What does management do when employees are given greater freedom and opportunities, but they don't use them? Sharon Borsche, director of human resources at Foth & Van Dyke, a Green Bay, Wis.-based consulting and engineering firm, discovered this issue when she polled the company's 300 employees to assess their level of job satisfaction. She was disappointed to find that the most commonly cited response among workers was poor personal and professional development, despite the fact that the company has a formal career development program in place, and ample compensation in time and money for additional education.
"We're going to butt heads here," says Borsche. "Employees feel that their development should be driven by the organization; management feels it should be employee-driven. We certainly encourage it. We have the tools, the coaching and mentoring programs in place, but the bottom line is, we'll assist you, but you need to develop yourself."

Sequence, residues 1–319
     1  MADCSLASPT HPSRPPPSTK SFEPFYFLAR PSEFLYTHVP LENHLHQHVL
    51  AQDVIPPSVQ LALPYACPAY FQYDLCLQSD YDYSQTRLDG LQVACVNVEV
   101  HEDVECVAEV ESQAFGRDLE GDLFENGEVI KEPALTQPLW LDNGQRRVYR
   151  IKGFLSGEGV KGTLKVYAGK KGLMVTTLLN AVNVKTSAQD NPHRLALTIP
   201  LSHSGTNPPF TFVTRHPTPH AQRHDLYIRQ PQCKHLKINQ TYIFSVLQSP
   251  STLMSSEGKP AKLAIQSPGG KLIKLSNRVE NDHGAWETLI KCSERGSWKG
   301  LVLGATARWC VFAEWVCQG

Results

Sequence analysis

Terez likens this situation to a caretaker model, in which workers rely too heavily on their organization to manage their individual development process. It leads, he says, to a "workplace made up of a handful of thinkers and many doers, and over time, it can even create an entitlement culture in which people dutifully do as they're told in exchange for being taken care of."
The bottom line, he says, is that workers need to grasp what it is they want and expect from their jobs, then find the right culture for their careers. "Folks need to be a little more rigorous in trying to understand themselves because workplace fulfillment ultimately comes down to a personal proposition."